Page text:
Cape Town - With 15 hung councils in the province where the DA has failed to chalk up a 50% plus majority, the party has begun turning its mind to the difficult process of building coalitions.
After burning its fingers in unstable coalitions in municipalities such as Bitou, and Kannaland over the past five years, the party has hit on the idea of asking potential partners in any coalition to sign formal legal contracts and looks like other parties are of the same mind.
DA provincial leader Albert Fritz said for hung council situations the DA has a federal plan with a coalition contract that will be driven by the Federal Executive (FedEx).
The contracts, which will have input from party leaders such as Fritz, will have to be signed off by the DA FedEx to ensure that stable arrangements are produced.
“It is the first time we’re doing this and it will be done in a very systematic, structured way with a proper contractual agreement with a very specific contract between the partners.
“This will help us keep each one held accountable. If you break or breach the contract we will have to act on it, legally. If you breach then we need to see if we continue or not,” said Fritz.
ANC spokesperson Sifiso Mtsweni said there are currently discussions at national ANC level in terms of how to get political parties to work together, particularly in the context of the Western Cape where there are so many hung municipalities.
“The ANC in the province has mandated a delegation led by the Provincial Convenor Cde Lerumo Kalako to begin the process of engaging with other political parties with a view to investigate possibilities of coalition governments.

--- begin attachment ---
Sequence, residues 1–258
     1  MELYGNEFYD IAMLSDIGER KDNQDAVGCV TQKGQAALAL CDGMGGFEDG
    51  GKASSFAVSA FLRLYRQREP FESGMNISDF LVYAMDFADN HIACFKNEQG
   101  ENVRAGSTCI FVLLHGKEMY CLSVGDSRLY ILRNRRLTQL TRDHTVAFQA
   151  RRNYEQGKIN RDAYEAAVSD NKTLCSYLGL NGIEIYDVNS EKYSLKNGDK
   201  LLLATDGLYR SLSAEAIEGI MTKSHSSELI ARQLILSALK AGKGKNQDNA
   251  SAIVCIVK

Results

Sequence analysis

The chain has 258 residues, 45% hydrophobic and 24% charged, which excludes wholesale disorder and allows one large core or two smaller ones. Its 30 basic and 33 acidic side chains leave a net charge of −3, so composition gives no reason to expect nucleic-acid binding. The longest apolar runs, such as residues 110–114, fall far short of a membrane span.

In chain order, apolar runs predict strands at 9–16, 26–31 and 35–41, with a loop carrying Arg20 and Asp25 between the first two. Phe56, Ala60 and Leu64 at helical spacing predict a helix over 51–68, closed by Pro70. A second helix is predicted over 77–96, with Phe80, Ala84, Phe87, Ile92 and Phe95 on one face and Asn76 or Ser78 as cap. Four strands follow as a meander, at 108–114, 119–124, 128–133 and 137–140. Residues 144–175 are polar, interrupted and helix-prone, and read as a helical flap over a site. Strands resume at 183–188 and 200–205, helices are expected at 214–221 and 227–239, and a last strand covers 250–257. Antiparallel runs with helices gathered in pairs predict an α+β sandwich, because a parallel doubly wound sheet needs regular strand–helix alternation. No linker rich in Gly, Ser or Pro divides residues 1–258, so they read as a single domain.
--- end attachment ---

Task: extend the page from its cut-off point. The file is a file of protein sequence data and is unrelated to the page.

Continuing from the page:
“The approach of the ANC will always be that of those who share our broad principles of non racialism, non sexism, pro-poor and a strict adherence to the rule of law amongst others.
“The only party that has chaotic coalitions is the DA. What the DA does is it goes and makes certain undertakings to smaller parties, goes into government and then reneges every time. That’s why people want signed agreements,” said Mtsweni.
Good mayoral candidate Brett Herron said the party stood by its position taken during the campaigns that it will negotiate if necessary and on the basis of what the outcome will be for its voters.
“I think formal agreements are absolutely essential, we wouldn’t enter a coalition without an agreement because it is important that you agree upfront what the outcome will be of that coalition.
“Without that kind of agreement then it is just a coalition of expediency and we don’t want to be part of those. We want to know what the coalition government is going to achieve and how disputes and disagreements will be resolved,” said Herron.
Freedom Front Plus mayoral candidate Lennit Max said: “A formal coalition would be a good thing. We can’t afford loose coalitions because then you play with the interests of your voters and your mandate.